The U.S. Supreme Court Thursday (Jan. 21) in a 5-4 decision struck down part of the McCain-Feingold campaign finance bill that limited how much money corporations, unions and other organizations could spend on political advertising. As part of the ruling, the Supreme Court also lifted a rule that barred unions and corporations from spending close to Election Day.
The decision opens the door to more groups that wish to influence the masses via advertising dollars. Just how much more political advertising will be spent in this year’s midterm congressional election is hard to gauge.
Even before today’s landmark decision, forecasters had predicted a record year of political spending, adding up to north of $2.6 billion and possibly topping $3 billion. Broadcast TV, which gets about 67 percent of the total ad spend, has the most to gain.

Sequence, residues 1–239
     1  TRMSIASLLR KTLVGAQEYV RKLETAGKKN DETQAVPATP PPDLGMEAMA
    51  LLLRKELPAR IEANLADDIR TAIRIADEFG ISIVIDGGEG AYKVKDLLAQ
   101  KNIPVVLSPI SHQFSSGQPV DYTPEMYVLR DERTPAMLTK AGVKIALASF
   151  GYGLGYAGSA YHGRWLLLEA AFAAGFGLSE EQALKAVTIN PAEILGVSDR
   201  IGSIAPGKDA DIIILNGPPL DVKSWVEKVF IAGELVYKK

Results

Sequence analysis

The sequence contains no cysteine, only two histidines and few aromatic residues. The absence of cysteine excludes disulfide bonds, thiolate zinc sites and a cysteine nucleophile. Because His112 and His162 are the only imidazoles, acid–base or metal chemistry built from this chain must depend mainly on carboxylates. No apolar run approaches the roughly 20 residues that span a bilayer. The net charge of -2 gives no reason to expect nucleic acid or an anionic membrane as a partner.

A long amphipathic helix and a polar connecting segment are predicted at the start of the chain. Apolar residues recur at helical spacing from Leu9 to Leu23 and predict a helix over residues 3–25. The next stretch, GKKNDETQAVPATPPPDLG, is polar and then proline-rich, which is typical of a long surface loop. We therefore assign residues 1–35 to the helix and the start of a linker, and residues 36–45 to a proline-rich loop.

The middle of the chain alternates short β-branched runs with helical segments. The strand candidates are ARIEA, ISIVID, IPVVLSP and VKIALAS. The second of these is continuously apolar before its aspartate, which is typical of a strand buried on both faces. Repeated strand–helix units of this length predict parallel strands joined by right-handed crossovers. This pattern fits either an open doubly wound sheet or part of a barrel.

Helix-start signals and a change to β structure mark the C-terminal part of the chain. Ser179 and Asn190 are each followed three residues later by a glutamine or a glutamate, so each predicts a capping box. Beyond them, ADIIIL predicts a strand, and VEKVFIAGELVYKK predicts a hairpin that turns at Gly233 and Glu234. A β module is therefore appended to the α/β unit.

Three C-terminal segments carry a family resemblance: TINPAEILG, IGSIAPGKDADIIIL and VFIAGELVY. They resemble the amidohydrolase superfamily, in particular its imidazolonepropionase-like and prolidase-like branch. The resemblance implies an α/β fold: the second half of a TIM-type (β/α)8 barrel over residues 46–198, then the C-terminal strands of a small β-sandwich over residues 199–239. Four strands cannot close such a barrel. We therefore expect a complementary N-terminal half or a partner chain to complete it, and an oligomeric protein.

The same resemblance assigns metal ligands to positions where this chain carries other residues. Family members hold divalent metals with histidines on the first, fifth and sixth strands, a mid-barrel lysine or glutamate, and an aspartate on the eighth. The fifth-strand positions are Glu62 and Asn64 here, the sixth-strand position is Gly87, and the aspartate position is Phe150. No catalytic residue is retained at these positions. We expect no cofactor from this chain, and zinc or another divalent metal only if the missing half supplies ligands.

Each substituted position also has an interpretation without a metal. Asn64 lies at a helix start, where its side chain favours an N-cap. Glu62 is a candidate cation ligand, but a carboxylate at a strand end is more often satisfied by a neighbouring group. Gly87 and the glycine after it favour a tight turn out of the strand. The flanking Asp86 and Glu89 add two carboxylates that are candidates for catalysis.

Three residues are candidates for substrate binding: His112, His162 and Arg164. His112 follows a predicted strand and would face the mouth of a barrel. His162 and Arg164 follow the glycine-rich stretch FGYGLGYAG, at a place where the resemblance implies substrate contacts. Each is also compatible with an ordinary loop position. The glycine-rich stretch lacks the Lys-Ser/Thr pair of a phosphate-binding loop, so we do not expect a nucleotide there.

Evan Tracey, president of TNS Media Intelligence’s Campaign Media Analysis Group, said most forecasts had taken into account a likely change in the campaign finance rules.
“It will add more at the margins by expanding races that will see this spending as we get closer to Election Day,” said Tracey.